Making a will is a good way to ensure that your property will be distributed to your family, friends and organizations of your choice after you die. A will is also an excellent way to nominate guardians for your minor children and the money you intend to leave them.
If you do not have assets worth more than $150,000.00, a will can do the job. If, however, you own assets worth $150,000.00 or more your estate will probably end up in Probate Court unless you create a living trust.
There are a few legal requirements that control who can make a valid will such as age and mental competence. The will itself must meet some technical requirements. In some states, handwritten wills – called holographic wills – are legally valid. A handwritten will is often found to be invalid in the California court system. A properly drafted, signed and witnessed will is much less vulnerable to challenge by anyone claiming it was forged or fabricated.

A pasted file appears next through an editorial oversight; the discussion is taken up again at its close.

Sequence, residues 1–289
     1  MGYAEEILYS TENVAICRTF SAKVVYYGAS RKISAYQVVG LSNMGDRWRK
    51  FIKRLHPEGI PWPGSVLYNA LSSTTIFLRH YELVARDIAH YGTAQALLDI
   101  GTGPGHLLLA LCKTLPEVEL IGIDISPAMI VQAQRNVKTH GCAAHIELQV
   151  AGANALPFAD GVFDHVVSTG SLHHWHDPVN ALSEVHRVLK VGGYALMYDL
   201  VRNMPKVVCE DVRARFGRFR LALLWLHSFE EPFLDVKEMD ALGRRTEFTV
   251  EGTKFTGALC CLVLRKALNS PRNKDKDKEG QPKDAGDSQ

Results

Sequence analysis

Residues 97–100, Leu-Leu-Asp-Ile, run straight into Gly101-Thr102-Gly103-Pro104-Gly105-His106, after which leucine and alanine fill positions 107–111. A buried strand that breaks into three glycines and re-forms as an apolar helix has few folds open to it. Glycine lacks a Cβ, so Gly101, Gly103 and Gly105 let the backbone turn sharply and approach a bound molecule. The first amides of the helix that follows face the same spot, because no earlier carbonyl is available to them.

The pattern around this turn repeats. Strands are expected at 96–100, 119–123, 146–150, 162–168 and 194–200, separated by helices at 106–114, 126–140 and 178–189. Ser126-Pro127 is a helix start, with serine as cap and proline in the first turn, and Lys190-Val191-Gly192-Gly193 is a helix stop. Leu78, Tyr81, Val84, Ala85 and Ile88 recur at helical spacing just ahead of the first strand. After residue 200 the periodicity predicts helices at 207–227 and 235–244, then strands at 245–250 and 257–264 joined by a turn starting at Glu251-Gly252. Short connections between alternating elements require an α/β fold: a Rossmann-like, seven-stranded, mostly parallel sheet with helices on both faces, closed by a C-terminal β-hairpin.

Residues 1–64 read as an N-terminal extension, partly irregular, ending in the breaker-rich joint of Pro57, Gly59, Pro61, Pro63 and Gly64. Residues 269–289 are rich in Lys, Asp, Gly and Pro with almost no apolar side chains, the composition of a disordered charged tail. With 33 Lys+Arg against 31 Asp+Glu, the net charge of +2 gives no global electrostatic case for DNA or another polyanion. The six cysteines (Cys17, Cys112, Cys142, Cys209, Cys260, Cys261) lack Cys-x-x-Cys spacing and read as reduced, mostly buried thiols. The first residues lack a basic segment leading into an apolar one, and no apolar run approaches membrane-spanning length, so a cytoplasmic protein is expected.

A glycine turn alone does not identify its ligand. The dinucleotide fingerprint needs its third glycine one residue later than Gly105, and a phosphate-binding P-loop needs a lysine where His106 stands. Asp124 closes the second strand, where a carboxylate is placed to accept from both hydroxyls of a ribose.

If you die without a will or living trust your money and property will be divided and distributed to family members by your state’s intestate succession laws. These laws divide all property between the relatives who are considered closest to you according to a set formula, and completely exclude friends and charities.